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Teaching Eleanor Roosevelt Glossary

[picture: Eleanor Roosevelt with Charles Anderson, 1941] Due to racial discrimination, African American servicemen were not allowed to learn to fly until 1941, when African American college graduates were selected for what the Army called "an experiment"-- the creation of the segregated 99th Fighter Squadron, which trained at an airfield adjacent to Alabama's Tuskegee Institute. The experiment involved training black pilots and ground support members who originally formed the 99th Pursuit Squadron. The squadron, quickly dubbed the Tuskegee Airmen, was activated on March 22, 1941, and redesignated as the 99th Fighter Squadron on May 15, 1942. For every black pilot there were 10 other black civilian, officer and enlisted men and women on ground support duty.

Charles Alfred Anderson, the first African American to earn his pilot's license, became the first flight instructor when the Civilian Pilot Training Program (CPTP) was organized at Tuskegee Institute in October 1939. The army decided to model its training program on the CPTP and hired Anderson to teach the Tuskegee pilots.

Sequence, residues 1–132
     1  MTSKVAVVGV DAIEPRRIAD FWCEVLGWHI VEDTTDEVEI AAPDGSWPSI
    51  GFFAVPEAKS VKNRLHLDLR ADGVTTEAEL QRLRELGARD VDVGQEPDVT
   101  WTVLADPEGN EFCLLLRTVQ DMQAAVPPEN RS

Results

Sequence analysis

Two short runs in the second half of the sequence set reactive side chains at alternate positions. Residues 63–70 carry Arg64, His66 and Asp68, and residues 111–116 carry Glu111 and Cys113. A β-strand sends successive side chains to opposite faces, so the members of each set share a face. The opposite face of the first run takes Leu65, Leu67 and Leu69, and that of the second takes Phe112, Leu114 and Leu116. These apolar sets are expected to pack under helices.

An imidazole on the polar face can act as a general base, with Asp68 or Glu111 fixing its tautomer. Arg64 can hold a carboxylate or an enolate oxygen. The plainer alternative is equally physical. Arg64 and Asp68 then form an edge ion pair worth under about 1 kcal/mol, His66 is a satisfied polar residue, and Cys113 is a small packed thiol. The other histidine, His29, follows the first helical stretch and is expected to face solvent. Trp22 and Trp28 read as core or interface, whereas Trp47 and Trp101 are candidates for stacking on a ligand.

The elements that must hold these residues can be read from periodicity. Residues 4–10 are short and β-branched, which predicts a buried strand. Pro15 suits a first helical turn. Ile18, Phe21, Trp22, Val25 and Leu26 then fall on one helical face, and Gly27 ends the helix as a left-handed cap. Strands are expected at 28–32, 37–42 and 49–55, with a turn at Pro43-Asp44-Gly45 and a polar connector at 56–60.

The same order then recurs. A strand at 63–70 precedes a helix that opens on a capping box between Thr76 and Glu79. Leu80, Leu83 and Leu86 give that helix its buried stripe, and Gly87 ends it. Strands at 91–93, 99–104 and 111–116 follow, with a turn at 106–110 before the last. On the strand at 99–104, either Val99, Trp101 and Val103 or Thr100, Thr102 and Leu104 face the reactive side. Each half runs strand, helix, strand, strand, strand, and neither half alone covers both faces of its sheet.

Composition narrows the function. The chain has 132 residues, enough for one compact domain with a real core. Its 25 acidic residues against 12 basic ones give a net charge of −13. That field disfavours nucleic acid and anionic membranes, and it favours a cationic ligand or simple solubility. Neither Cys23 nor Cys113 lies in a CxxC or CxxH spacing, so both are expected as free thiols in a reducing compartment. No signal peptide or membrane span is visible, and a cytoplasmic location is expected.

When Eleanor Roosevelt visited Tuskegee Army Air Field in 1941, she insisted on taking a ride in an airplane with a black pilot at the controls. ER's pilot was Charles Anderson. ER then insisted that her flight with Anderson be photographed and the film developed immediately so that she could take the photographs back to Washington when she left the field. ER used this photograph as part of her campaign to convince FDR to activate the participation of the Tuskegee Airmen in North Africa and in the European Theater.

In June 1943, the Tuskegee Airmen entered into combat over North Africa. The Airmen exemplified courage, skill and dedication in combat. They flew P-39-, P-40-, P-47- and P-51-type aircraft in more than 15,000 sorties, completing over 1,500 missions during the war. They never lost an escorted bomber to enemy fighters. No other escort unit could claim such a record. When the war ended, the Tuskegee Airmen returned home with one hundred and fifty Distinguished Flying Crosses, Legions of Merit and the Red Star of Yugoslavia. The group was deactivated in May 1946 but its success would contribute to the eventual integration of the United States military. The fruit of the efforts of the airmen would be harvested in the eventual 1948 desegregation of the U.S. Armed Forces.


Boyer, Paul, et al. The Enduring Vision: A History of the American People. Boston: Houghton Mifflin, 2000, 774.

Estell, Kenneth, ed. The African American Almanac. 8th ed. Detroit: Gale Group, 2000, 1218.

Hoyt, Davina. "Tuskegee Airmen of World War II." Internet on-line. Available From

"Eleanor Roosevelt with 'Chief'' Charles Alfred Johnson." The University Gallery, The University of Delaware. In "Through These Eyes: The Photography of P. H. Polk." Internet on-line. Available From